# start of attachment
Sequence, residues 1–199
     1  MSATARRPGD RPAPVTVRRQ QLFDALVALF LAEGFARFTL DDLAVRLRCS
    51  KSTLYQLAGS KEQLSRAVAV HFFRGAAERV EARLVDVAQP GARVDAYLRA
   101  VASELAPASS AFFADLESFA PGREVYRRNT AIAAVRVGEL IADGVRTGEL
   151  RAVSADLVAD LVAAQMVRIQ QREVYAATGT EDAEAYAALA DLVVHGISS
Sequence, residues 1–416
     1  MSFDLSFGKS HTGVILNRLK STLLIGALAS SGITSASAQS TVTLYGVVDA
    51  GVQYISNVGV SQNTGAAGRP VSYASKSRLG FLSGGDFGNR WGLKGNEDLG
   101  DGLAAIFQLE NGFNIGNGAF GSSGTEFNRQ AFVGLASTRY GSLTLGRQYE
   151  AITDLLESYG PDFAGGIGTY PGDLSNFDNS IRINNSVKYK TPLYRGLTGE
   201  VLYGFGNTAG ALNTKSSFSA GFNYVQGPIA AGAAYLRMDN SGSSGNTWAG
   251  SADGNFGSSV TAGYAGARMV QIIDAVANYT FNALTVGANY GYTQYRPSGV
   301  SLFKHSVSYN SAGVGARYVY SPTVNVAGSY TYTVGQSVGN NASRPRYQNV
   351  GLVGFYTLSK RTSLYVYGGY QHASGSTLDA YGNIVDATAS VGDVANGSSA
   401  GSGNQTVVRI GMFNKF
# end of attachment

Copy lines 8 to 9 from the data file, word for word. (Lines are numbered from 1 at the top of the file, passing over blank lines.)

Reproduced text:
    51  GVQYISNVGV SQNTGAAGRP VSYASKSRLG FLSGGDFGNR WGLKGNEDLG
   101  DGLAAIFQLE NGFNIGNGAF GSSGTEFNRQ AFVGLASTRY GSLTLGRQYE